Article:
CenturyLinkVoice: Securing Mobile Data Requires Layers Of Protection

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If you’re looking to keep enterprise mobile devices secure, whether they were issued by the organization or authorized under bring-your-own-device (BYOD) programs, you should consider taking a multilayered approach.


Even a user with verified passwords should be blocked, or at least subject to reduced permissions, if the device connects from an unapproved network, or from a geographic location where the user is not authorized to be.

Administrative tools such as mobile device management (MDM) make it easier to configure devices and install or remove apps from a central location, but they don’t protect against the growing range of cybersecurity threats facing mobile users, according to Aaron Cockerill, chief strategy officer at the mobile security firm Lookout. Multiple controls are needed for that.

Enterprise security leaders must take mobile devices very seriously. Android is now the world’s most popular operating system of any kind, having eclipsed Windows’ total usage in March 2017, according to StatCounter. These devices are ripe targets for attack because they not only have privileges to access a variety of enterprise data repositories, but also have sensors, cameras and microphones that can be hijacked to spy on their users.

Between October 2016 and March 2017, 4.7 percent of Android enterprise devices monitored by Lookout encountered an app-based threat, compared to just 0.1 percent for iOS. The more open Android ecosystem makes it easier to persuade users to install apps from app repositories with weaker controls than Google’s, or even to directly install a malicious app from an email or SMS link.

Many of the new mobile attacks start as phishing attempts or misleading advertising rather than zero-day security exploits. The attacks try to persuade or frighten users into clicking links or installing malicious apps under the guise of being helpful. That’s why mobile deployments need layers of protection beyond the device itself, Cockerill told tech leaders in June at the Gartner Security & Risk Management Summit in Maryland.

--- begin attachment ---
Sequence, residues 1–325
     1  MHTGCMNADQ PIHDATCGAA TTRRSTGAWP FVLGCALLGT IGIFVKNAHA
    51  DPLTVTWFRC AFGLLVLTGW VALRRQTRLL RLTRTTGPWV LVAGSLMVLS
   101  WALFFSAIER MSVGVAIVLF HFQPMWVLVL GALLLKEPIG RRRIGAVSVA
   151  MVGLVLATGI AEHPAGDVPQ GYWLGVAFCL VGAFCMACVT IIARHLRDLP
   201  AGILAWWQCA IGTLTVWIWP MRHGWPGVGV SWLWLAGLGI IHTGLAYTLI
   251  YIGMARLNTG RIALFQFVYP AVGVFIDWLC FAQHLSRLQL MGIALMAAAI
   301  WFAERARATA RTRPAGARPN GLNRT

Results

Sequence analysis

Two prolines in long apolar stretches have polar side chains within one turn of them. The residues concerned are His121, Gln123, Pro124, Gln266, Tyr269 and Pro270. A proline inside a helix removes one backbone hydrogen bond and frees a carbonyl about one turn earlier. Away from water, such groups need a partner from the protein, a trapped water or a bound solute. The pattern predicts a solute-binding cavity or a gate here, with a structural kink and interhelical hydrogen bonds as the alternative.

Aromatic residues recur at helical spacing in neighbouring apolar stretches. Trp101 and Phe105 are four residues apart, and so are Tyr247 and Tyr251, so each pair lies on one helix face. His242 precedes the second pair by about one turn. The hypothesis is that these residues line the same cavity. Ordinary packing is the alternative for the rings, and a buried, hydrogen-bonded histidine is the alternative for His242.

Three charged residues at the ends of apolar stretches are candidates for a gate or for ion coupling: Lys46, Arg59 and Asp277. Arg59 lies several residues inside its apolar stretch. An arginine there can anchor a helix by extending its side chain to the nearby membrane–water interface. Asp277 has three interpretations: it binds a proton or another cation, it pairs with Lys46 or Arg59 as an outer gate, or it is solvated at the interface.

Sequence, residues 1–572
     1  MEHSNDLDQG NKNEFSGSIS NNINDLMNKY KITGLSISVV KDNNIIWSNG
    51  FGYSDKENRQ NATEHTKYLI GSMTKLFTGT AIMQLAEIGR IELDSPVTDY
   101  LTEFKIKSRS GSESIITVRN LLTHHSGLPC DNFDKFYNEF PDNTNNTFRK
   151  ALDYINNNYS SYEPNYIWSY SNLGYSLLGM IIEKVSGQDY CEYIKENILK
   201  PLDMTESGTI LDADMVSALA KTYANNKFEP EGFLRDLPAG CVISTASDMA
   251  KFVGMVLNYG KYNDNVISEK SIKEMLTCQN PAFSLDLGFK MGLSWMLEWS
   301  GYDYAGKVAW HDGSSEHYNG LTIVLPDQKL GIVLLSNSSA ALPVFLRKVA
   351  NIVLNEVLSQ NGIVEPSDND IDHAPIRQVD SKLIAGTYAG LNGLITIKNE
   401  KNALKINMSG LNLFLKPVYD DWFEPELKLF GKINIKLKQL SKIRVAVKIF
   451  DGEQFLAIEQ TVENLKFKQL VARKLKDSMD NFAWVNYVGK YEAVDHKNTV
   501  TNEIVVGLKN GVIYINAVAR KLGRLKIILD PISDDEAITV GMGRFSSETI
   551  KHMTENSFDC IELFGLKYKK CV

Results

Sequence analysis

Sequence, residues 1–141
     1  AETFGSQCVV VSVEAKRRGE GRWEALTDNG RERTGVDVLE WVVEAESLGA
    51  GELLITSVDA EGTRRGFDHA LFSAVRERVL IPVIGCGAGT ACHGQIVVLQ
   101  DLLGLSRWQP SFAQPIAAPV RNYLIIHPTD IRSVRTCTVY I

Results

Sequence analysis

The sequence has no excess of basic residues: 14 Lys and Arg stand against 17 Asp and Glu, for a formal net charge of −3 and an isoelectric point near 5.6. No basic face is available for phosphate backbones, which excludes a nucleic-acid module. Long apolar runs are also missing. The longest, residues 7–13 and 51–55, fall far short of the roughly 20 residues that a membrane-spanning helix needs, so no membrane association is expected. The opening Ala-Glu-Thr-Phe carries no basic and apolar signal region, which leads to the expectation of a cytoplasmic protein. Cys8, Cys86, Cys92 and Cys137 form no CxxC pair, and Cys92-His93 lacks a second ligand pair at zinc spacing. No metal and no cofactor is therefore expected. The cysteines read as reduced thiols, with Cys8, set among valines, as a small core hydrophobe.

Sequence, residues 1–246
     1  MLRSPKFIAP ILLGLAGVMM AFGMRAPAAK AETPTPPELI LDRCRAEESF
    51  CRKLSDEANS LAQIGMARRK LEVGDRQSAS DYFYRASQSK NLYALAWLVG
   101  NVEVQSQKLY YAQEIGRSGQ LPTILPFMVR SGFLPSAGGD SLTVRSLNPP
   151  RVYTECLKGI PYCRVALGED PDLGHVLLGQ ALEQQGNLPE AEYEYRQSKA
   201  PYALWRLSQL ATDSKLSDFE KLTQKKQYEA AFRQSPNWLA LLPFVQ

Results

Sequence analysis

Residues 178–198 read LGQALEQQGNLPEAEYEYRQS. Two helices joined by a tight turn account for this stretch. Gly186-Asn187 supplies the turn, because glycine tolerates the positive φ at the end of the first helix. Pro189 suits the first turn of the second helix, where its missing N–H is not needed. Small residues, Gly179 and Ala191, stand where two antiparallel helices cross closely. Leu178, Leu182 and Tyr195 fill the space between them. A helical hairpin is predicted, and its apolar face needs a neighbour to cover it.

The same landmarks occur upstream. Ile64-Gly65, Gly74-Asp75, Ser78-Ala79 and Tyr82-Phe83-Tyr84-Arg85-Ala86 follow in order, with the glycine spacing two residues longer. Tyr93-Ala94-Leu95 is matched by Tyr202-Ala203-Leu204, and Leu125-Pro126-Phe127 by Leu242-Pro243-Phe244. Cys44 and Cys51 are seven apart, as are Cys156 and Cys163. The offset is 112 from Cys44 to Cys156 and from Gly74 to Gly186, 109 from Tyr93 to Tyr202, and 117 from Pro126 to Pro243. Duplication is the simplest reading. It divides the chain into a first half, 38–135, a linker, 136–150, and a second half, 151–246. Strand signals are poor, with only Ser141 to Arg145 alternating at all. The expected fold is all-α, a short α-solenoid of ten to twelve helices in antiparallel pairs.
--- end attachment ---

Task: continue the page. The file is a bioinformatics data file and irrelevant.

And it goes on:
Increased monitoring and education are particularly important because on-device scanning has diminished returns. Mobile device constraints make high-intensity malware scanning difficult and inconvenient. “You can’t scan devices constantly the way you scan desktops because you’ll kill the battery,” he said.

Consider these starting points when implementing a multilayer mobile security policy.

User education. Better mobile security must start with users, because the users of mobile devices are top targets. It’s easier to launch phishing attacks on mobile because many of the familiar desktop security practices, such as hovering over links and checking browser security credentials, are significantly harder to do on mobile. And the immediacy and intimacy of the mobile device experience means that users can be less disciplined about good security practices.

“Mobile devices feel personal, and that’s why users are so easily tricked,” Cockerill said.

App behavior. Apps can compromise your organization even if they’re not malware. That’s because even approved, authentic mobile apps can be significant sources of data leakage. Apps that collect and transmit sensitive data can put corporate security, privacy and regulatory compliance at risk just as much as malware can.

For example, 38 percent of apps in the Lookout enterprise monitoring panel access GPS. Many do so for legitimate reasons, but the high percentage of apps collecting detailed user location data is a reminder of how easy it is to suffer a data leak. “You have to ask: What are these apps doing with your data?” Cockerill said.

Contextual credentials. The usual approach to improving desktop-oriented security was to add layers of authentication, such as physical security tokens or one-time authorization codes sent to a phone or email device. But the old rules of “what you know” and “what you have” mean less when there are so many ways a mobile device can be compromised.

“Today, the user gets access if they have the right password,” Cockerill said. “What you should want to know is if the device is malware-free, configured appropriately, compliant with corporate policies, and in an appropriate location and using an appropriate network.”

Even a user with verified passwords should be blocked, or at least subject to reduced permissions, if the device connects from an unapproved network, or from a geographic location where the user is not authorized to be.

Senior leadership. Enterprise leaders have to be on board with tighter controls over mobile access. Denying service at the data or network layer is tricky because users, especially those at the highest levels of the organizations, expect their mobile devices to provide reliable, convenient access whenever and wherever they choose. Enforcement and screening policies must be understood and supported by senior management. Chief information security officers and their charges have to be able to act without fear of retribution.

“You have to be confident that you’re not going to be fired because the CEO was denied access to email,” Cockerill said.

Do you want to learn more about how to protect your business against growing cybersecurity threats? Talk to a security expert at CenturyLink today.